Science & Technology

Detectify Security Advisor describes an account hijacking attack scenario with anomalous OAuth flow.

TL / DR: OAuth users are asked to review the sign-in flow of third-party scripts, including error flows, that may be exposed to newly discovered attack scenarios. Through a series of attacks, misconfigurations can allow single-click account hijacking.

The attacks required to hijack a single-click account like this are complex, but research According to Detectify security advisor Frans Rosén, some of the world’s most popular consumer and business websites are currently vulnerable to attack chains because they don’t comply with OAuth specification best practices. understood.

Rosén recently conducted an extensive investigation into how OAuth tokens can be stolen. Combining response type switching, invalid states, redirect uri quirks with OAuth, and third-party JavaScript inclusions, he actually discovered three vulnerable scenarios.

1: Weak or no origin-check postMessage-listeners leaking URLs

2: Cross-site scripting in sandbox / third party domain to get URL

3: Fetch out-of-range URLs using API

About OAuth

OAuth open specs allow single sign-on to websites by allowing users to authenticate using third-party credentials. Think of “Sign in with Google / Apple / Facebook, etc.” on a third-party website. All of these third-party service providers use OAuth to issue some form of code or access token to verify a user’s identity. Although OAuth is widely used throughout the web, there have been numerous security vulnerabilities over the last decade, including recent GitHub breaches using stolen OAuth tokens.

Why this new study is important

Despite the security challenges of OAuth, it’s still a powerful specification for developers and product owners, generally not only enabling secure delegation of access, but also improving the user experience. As a result, the use of the OAuth framework is undeniably increasing not only for consumer sites for end-user access, but also for enterprise scenarios of internal access architectures for critical business-related platforms.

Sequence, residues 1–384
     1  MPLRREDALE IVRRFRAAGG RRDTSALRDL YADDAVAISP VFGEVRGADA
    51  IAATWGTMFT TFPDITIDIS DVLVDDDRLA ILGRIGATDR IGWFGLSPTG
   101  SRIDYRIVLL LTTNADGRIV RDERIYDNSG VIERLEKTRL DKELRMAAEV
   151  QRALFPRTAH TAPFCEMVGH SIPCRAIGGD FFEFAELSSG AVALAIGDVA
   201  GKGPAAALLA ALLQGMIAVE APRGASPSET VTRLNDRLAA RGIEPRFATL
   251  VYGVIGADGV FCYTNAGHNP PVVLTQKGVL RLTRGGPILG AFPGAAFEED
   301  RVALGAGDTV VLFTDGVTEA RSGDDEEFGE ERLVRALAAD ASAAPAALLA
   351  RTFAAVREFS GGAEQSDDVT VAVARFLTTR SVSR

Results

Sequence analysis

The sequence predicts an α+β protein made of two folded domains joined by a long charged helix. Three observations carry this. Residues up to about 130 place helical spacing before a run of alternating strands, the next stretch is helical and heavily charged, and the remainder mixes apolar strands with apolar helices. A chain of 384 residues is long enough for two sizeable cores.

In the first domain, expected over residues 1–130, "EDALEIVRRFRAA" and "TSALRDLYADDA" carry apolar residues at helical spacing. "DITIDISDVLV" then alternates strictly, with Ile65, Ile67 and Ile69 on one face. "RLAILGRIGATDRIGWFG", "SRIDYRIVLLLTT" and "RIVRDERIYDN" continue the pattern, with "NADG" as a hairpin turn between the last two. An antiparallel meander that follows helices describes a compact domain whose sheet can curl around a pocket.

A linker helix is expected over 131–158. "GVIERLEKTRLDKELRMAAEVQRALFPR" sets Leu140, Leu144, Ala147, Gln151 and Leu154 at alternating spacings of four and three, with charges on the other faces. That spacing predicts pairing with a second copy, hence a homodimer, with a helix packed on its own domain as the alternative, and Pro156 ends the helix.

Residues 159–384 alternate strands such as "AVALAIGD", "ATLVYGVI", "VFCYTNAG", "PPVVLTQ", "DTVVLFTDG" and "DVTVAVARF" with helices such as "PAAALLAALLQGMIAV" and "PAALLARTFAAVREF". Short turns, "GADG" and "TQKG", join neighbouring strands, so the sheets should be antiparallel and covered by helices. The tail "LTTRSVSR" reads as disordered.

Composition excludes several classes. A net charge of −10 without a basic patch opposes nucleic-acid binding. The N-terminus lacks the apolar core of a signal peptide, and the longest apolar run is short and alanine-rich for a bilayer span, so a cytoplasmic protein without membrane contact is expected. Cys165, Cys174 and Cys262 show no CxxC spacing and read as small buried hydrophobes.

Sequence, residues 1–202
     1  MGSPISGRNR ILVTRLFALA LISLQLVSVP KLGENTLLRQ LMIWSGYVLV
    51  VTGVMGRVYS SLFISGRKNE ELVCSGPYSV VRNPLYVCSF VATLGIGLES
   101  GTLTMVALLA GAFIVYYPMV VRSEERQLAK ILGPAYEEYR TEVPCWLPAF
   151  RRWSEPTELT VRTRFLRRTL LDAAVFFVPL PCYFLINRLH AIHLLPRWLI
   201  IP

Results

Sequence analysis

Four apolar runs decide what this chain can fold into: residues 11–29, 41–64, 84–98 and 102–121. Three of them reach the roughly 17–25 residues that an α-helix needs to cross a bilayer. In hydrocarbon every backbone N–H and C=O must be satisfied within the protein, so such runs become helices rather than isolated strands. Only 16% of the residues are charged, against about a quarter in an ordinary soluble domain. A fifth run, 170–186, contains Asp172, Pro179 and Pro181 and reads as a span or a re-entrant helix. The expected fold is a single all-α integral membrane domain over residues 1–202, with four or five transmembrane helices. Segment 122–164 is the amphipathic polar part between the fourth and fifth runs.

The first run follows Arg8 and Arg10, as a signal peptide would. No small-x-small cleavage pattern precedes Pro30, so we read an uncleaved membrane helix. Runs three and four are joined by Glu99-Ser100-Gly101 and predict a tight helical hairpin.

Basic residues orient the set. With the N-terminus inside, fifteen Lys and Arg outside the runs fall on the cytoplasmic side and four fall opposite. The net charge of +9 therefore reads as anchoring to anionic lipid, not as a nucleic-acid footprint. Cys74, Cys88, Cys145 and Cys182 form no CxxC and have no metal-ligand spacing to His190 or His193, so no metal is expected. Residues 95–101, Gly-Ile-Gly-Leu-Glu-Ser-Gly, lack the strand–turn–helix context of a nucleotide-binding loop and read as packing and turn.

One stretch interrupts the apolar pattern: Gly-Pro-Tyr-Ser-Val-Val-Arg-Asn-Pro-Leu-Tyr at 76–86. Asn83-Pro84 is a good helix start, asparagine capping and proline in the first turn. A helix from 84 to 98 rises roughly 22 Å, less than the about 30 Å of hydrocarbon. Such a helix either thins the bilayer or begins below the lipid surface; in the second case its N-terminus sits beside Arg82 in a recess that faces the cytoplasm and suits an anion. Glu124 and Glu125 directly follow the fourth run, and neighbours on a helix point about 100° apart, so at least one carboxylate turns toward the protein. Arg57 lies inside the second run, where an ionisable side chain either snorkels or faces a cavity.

As enterprise adoption of OAuth grows, the three vulnerable scenarios described by Rosén reveal the inherent risks of highly targeted one-click account hijacking scenarios for spear phishing or supply chain attacks. ..

The OAuth specification states that third-party scripts should not be run anywhere in the login flow, but the main guidance is now grouped into seemingly irrelevant and less threatening sections. Specifications can easily be misunderstood or overlooked.

What should organizations using OAuth do to mitigate this risk?

First and foremost, you need to know what kind of page is used in your OAuth flow. This includes error and exception pages that can be triggered if any of the sign-in flow parameters are incorrect or missing.

Next, the organization needs to make sure that the above page does not use third-party scripts. During this investigation, Rosén actually discovered various types of third-party scripts that could leak URLs such as:

  • Chatbot widget
  • Analytical pixels
  • Capture service

Responsible Disclosure

Rosén reported several cases identified in his study and currently in a responsible disclosure process. He also provided a draft of the research post before publishing it to the IETF’s “OAuth 2.0 Security Best Practices” draft working group.

Detectify Security Advisor describes an account hijacking attack scenario with anomalous OAuth flow. Detectify Security Advisor describes an account hijacking attack scenario with anomalous OAuth flow.

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